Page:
The North Island Forest Operations 2018 – 2023 Forest Stewardship Plan (FSP) encompasses forest tenures located on Vancouver Island, in the vicinity of Port McNeill, Port Alice, Holberg, Winter Harbour, Port Hardy, Coal Harbour and Quatsino Sound. This FSP applies to the licensees and tenures identified in Section 3.0 of the FSP. This FSP replaces the 2012 North Vancouver Island Forest Stewardship Plan (FSP), as maintained in the BC government FSP Tracker system.
FSPs are a key operational plan under the Forest and Range Practices Act (FRPA). FSPs identify broad areas called Forest Development Units (FDUs) where timber harvesting and road construction may occur, are subject to public review and comment, and must be approved by government before taking effect. FSPs do not show cutblocks and roads for approval, and are generally in effect for a five year term.
This FSP addresses objectives specified in the Forest and Range Practices Act (FRPA). For each of the 11 FRPA values and their objectives set by government, such as wildlife and biodiversity, the FSP identifies legally binding results and strategies, forest practices, measures, and standards, which will be required to be implemented by the Holder of the FSP in the forest development units. Results and strategies must be consistent with government objectives, and must be measurable and verifiable. The FSP also must be consistent with government objectives set out in Land Use Plans, such as the Vancouver Island Land Use Plan, and sub-unit plans such as approved Landscape Unit Plans.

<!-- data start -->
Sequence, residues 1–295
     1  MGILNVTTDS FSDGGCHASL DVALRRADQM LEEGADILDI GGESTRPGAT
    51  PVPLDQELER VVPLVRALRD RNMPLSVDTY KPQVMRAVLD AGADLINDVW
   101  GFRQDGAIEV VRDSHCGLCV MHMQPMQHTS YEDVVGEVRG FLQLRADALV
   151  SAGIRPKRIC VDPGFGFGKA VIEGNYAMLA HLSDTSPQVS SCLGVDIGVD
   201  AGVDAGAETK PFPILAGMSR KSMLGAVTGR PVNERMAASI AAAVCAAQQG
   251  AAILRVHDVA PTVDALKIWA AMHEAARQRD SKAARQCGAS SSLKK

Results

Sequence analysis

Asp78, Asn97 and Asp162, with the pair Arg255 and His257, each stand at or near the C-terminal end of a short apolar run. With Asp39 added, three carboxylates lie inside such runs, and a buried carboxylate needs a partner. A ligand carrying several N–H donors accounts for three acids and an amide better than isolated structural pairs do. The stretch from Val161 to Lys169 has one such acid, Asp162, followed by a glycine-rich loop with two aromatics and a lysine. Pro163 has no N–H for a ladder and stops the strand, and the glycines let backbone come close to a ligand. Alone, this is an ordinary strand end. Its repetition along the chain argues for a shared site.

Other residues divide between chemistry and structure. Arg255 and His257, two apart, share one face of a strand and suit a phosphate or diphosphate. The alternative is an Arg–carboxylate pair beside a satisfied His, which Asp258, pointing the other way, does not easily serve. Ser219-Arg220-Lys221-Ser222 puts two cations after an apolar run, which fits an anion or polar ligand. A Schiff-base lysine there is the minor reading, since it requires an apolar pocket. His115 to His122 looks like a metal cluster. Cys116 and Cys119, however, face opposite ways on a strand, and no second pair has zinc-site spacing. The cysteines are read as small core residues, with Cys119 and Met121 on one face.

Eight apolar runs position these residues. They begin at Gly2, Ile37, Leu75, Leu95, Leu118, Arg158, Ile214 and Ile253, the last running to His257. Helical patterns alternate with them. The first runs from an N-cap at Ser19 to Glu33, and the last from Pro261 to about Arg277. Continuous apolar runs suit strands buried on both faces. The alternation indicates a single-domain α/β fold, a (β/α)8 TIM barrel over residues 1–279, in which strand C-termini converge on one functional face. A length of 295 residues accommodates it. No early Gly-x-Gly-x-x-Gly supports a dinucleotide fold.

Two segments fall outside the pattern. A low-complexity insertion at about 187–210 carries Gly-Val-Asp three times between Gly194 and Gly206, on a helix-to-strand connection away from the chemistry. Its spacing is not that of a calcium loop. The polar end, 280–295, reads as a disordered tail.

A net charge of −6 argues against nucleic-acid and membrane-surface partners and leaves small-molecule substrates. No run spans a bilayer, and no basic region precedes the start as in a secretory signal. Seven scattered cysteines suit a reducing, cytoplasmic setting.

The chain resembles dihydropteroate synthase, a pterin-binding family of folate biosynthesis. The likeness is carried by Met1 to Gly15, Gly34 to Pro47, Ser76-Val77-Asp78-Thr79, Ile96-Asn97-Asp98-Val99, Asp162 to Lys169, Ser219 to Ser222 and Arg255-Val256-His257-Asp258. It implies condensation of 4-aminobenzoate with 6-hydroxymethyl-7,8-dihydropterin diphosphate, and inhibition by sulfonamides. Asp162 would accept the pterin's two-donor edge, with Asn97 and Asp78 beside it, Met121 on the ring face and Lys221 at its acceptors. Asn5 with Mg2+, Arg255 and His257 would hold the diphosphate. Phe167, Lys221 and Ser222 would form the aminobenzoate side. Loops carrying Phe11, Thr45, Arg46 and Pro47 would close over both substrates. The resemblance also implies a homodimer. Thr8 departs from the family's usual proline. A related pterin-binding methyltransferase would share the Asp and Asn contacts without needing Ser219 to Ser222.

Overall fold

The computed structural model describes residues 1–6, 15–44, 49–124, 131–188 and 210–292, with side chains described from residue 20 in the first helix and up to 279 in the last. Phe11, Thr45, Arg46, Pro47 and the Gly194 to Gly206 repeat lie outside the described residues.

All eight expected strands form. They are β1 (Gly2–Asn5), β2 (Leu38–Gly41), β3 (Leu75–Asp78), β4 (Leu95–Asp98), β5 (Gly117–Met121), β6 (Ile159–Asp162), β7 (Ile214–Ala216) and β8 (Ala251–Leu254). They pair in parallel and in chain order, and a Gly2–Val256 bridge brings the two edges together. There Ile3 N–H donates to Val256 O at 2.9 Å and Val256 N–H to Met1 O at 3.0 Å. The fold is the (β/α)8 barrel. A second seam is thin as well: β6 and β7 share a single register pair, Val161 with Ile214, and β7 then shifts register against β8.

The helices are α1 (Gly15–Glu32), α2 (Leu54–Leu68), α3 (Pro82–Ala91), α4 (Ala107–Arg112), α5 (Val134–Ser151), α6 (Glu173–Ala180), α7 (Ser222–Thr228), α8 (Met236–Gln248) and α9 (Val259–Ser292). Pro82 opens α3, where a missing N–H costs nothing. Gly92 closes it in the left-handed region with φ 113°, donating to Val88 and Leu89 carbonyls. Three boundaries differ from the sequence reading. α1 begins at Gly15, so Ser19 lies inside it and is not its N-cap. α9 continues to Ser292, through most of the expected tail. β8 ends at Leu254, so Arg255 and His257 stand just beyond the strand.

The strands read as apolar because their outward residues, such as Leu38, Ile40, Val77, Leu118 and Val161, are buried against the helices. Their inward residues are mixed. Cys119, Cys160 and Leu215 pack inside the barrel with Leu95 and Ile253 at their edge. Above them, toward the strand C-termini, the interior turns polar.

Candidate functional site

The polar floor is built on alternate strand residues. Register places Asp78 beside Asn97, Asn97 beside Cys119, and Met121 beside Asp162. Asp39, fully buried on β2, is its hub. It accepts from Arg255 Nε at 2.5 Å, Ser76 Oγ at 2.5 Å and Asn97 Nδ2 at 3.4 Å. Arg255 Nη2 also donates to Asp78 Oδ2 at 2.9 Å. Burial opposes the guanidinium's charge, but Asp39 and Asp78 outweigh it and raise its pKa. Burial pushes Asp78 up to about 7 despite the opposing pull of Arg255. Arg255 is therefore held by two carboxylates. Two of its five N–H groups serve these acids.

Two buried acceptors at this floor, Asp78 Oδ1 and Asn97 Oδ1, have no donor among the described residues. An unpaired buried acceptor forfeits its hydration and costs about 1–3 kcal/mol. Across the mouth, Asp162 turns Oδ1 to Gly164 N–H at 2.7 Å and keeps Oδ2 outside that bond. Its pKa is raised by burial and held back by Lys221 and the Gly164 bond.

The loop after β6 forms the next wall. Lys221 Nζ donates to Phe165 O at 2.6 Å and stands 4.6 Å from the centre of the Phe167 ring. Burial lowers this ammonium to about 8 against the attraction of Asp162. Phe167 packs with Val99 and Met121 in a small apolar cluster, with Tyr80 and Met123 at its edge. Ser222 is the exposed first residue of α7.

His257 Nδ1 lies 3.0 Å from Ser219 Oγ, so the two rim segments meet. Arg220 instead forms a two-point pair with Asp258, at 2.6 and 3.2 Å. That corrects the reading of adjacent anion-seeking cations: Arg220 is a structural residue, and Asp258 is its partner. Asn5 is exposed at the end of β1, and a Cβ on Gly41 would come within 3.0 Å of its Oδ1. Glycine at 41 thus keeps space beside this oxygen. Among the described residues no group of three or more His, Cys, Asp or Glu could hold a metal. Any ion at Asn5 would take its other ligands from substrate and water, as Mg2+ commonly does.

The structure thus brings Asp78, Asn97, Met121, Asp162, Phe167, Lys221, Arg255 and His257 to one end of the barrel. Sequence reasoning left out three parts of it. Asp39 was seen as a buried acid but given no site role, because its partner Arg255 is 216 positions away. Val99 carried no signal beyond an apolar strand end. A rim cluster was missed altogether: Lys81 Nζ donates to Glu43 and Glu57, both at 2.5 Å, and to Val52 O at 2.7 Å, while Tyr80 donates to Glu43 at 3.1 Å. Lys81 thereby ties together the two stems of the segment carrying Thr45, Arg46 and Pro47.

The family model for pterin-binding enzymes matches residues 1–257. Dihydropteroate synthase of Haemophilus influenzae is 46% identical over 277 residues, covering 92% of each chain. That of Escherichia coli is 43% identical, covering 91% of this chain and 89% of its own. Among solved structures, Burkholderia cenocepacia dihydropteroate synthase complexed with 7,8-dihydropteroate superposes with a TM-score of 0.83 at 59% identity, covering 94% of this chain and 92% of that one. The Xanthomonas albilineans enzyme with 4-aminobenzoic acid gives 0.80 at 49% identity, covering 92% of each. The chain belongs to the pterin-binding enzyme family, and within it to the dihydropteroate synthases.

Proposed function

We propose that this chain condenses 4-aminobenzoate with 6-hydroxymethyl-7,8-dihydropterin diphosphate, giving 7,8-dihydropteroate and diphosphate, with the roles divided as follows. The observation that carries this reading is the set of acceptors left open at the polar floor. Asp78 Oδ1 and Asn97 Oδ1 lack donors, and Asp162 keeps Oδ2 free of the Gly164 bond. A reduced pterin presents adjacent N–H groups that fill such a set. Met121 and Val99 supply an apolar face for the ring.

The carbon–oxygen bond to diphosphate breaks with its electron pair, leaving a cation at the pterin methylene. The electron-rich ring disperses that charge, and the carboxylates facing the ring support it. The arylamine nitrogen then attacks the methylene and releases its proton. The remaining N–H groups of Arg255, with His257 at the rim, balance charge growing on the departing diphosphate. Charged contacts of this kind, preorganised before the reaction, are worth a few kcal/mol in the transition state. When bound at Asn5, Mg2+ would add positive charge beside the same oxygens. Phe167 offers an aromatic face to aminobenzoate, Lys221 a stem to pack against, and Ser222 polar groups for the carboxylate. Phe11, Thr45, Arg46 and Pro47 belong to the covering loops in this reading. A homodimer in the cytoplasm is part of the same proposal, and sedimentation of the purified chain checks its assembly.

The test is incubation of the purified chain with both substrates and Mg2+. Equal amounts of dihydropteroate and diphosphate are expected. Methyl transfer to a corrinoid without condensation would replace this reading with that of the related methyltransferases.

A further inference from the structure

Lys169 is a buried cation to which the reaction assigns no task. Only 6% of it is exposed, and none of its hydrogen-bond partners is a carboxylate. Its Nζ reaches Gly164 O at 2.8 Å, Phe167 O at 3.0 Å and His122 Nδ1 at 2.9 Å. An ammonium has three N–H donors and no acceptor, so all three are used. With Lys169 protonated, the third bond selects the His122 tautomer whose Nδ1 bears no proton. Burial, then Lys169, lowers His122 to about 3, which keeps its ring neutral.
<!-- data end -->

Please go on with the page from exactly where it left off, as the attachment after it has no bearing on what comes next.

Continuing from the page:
The FSP has been divided into nine FDUs as shown on the overview map in this FSP. Eight FDUs encompass the active plan area, and one FDU boundary corresponds with Bill 28 takeback areas and licenses previously transferred to deal with outstanding silviculture obligations. The FSP shows the location of Forest Development Units and forms the basis for future development of roads and cutblocks, leading to the issuance of cutting permits, which provide authority to harvest.
Forest Stewardship initiatives by Western Forest Products do not end at the FSP. The FSP forms only one part of the overall forest stewardship and due diligence process. Examples of other sustainability initiatives by Western include its Environmental Management System and Forest Certification, Standard Operating Procedures, Forest Investment Account administration, and TFL Management Plans. In addition to the legal framework in the FSP, other regulatory requirements are outside the FSP, such as the Heritage Conservation Act, Wildlife Act, Foresters Act, Land Act, Federal Species at Risk Act, Federal Fisheries Act, and First Nations case law.
More information on FSPs and the public and First Nations input process is available at: http://www2.gov.bc.ca/assets/gov/environment/natural-resource-policy-legislation/legislation-regulation/frpa-pac/fsp_brochure.pdf
Comments should be directed to:
North Island Forest Operation
Jonathan Flintoft, R.P.F.
Senior Operations Planner